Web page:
Opinion: It is On!
Joe Gibbs Racing did what they had to do over the past two race weekends at Talladega and Martinsville to ensure the shot to be crowned the 2016 NASCAR Sprint Cup Series Champion at Homestead-Miami Speedway later this month.
At Talladega Superspeedway, Joe Gibbs Racing was criticized for playing it safe by having three of their four cars ride around in the back in an effort to avoid the potential of the “Big One”. There efforts and strategy at Talladega was able to get all four of the cars into the next round in the Chase for the Sprint Cup.
However, that strategy was deemed as a violation of NASCAR’s 100 percent rule that was implemented in 2013 after the Michael Waltrip Racing debacle at Richmond International Raceway.
At Talladega, JGR did what they had to do in an effort to get all four cars into the next round and a shot at a championship. Kyle Busch, Carl Edwards, and Matt Kenseth came into Talladega above the cutline while teammate Denny Hamlin was below the cutoff. Hamlin stayed near the front and was able to advance to the next round. Edwards, Busch, and Kenseth stayed out of the way in an effort to avoid trouble in order to keep their spots in the next round. They did not violate the 100 percent rule because they did 100 percent of what they had to do in order to move to the next round.
However, at Martinsville, the JGR drivers were furious with each other about the lack of teamwork used in the closing laps in the Goody’s Fast Relief 500.
“You can’t wreck each other and that’s all there is to it I guess. We worked so good together that we gave the 48 (Jimmie Johnson) car the win today. That’s how good JGR is. We had a great M&M’s Camry and we could have been a little farther up front, but we were held up there and we couldn’t pass and if I did try to make moves or try to make a pass, I got cutoff,” said Busch post-race.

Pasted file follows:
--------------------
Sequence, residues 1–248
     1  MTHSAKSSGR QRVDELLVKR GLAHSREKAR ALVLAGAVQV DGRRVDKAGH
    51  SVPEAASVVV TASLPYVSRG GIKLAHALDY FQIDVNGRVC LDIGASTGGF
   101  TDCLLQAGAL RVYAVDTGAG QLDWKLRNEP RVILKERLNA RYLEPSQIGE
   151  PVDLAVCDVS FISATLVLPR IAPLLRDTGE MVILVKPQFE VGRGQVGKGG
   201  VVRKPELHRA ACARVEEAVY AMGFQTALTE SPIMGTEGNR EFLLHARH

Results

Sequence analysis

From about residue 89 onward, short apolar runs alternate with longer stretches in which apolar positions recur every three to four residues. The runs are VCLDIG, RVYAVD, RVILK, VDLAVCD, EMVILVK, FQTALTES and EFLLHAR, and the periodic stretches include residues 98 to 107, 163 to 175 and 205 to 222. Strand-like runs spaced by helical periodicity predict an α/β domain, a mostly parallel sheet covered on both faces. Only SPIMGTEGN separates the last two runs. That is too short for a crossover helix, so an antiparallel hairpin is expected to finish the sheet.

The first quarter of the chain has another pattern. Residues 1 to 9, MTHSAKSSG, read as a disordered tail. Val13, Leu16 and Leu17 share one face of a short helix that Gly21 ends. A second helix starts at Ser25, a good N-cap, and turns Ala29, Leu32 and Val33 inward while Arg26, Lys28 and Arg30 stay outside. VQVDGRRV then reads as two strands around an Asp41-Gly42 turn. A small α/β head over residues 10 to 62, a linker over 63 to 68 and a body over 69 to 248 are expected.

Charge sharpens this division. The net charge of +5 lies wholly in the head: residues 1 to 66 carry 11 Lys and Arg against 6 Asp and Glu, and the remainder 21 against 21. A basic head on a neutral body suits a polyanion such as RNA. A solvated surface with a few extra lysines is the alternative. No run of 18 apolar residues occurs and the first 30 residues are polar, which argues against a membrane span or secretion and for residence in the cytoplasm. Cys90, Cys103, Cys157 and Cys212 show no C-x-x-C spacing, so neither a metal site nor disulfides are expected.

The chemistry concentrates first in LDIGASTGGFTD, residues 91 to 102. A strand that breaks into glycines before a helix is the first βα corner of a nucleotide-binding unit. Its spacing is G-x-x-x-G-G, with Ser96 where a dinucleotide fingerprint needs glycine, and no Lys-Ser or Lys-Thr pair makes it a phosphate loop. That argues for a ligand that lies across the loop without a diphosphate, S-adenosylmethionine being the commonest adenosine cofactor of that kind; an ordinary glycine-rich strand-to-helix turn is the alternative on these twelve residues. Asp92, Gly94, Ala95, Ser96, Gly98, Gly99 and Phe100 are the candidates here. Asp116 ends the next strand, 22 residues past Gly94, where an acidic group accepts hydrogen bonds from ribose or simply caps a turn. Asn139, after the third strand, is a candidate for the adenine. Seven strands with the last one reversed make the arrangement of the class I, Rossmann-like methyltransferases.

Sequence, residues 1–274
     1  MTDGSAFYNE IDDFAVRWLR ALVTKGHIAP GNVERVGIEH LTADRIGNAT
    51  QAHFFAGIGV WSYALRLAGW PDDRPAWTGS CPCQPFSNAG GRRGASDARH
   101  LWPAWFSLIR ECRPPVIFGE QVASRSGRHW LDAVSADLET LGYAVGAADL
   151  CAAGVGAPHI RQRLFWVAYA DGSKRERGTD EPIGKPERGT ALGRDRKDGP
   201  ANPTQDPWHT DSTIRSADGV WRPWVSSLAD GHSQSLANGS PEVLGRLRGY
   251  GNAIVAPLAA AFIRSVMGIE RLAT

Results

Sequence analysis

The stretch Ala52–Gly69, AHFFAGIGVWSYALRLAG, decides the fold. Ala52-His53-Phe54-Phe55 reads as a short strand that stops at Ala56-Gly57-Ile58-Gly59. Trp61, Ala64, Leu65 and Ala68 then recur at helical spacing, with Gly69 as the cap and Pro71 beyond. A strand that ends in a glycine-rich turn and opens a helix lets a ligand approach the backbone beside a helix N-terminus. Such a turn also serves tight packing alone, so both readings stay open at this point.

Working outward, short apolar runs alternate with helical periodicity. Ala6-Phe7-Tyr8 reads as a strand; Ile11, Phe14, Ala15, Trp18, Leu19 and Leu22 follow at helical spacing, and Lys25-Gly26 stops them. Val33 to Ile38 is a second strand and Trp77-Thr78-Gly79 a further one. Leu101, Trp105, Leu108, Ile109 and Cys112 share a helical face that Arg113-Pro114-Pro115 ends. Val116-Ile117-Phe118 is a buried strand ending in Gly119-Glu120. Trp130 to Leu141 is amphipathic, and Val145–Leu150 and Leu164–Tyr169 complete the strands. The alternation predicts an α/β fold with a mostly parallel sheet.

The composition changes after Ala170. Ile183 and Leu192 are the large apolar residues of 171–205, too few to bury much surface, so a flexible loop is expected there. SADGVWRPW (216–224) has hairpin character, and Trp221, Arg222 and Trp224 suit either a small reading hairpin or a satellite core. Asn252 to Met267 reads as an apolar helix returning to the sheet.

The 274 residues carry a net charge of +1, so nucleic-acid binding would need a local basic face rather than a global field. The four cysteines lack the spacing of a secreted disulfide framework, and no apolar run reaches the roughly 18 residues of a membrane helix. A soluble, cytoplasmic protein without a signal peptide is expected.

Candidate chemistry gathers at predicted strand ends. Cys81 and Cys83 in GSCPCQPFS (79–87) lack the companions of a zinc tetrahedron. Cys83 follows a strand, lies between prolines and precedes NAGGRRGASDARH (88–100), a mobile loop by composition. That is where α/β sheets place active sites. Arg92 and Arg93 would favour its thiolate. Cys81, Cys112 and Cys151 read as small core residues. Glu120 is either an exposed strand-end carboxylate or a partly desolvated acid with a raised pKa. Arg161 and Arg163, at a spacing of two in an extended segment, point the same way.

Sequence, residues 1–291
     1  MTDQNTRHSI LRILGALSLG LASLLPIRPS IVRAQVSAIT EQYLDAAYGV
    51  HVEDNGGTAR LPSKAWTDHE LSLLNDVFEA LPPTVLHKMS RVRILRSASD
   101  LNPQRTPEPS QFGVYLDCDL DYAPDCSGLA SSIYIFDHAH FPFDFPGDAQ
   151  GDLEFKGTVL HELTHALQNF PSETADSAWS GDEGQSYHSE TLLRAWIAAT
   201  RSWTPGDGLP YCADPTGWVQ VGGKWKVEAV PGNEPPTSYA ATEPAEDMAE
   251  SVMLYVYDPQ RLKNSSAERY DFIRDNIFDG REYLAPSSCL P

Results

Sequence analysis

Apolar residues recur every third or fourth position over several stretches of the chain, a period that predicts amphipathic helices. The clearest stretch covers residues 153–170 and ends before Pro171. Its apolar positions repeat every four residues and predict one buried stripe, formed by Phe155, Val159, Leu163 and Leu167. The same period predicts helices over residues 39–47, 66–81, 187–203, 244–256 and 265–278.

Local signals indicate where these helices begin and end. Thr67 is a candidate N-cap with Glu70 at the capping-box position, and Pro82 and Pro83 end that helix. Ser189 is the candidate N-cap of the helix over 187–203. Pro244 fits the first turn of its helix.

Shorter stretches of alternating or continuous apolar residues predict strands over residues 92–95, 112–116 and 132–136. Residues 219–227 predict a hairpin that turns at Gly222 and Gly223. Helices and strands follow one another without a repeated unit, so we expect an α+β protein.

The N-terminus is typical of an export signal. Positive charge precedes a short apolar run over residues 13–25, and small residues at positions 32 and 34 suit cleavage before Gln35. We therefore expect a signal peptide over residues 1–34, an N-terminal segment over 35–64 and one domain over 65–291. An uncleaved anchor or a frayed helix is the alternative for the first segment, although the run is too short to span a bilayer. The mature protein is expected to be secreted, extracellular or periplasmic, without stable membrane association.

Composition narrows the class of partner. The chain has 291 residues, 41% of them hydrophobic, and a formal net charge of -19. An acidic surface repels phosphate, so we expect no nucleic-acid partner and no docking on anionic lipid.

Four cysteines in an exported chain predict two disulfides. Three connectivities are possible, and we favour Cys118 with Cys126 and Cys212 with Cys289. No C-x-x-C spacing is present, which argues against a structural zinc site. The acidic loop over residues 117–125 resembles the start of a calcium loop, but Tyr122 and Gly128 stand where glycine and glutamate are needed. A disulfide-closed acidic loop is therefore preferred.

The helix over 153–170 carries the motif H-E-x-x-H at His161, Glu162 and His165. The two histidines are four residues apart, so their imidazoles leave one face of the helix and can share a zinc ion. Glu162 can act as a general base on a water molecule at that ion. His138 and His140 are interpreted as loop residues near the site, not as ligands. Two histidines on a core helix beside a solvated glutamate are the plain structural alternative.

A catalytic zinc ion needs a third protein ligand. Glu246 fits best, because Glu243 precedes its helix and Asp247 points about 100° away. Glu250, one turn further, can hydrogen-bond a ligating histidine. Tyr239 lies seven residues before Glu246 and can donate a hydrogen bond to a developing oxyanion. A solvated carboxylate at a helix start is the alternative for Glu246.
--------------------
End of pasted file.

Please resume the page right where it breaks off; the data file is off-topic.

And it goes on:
At this point in the Chase, it is time for “every man to fend for himself.”
Just because you are racing your teammate does not mean that they have to give up their position to help you, especially if they are in the fight for the championship. Everyone has the same goals when they have the chance to win a championship: win and you are in at Homestead.
I believe that team orders should no longer be in play when it comes to teammates in the battle for the championship. Drivers have commitments to sponsors and their owner to have a shot at the championship.
Should they have worked together to catch Johnson and give him one last chance to make the final four?
The Chase for the Sprint Cup is on. Drivers must do what is best for them when it comes to vying for a spot in the Championship Four at Homestead-Miami Speedway.
I am 19 years old from Atlanta, GA. I have been following motorsports since I was born. Motorsports has been "passed down" in my family. I am named after NASCAR Hall of Famer, William Caleb Yarborough, also known as Cale. Growing up in the southeast, racing was something that was a Sunday tradition after church. What an honor it is to share that passion with others.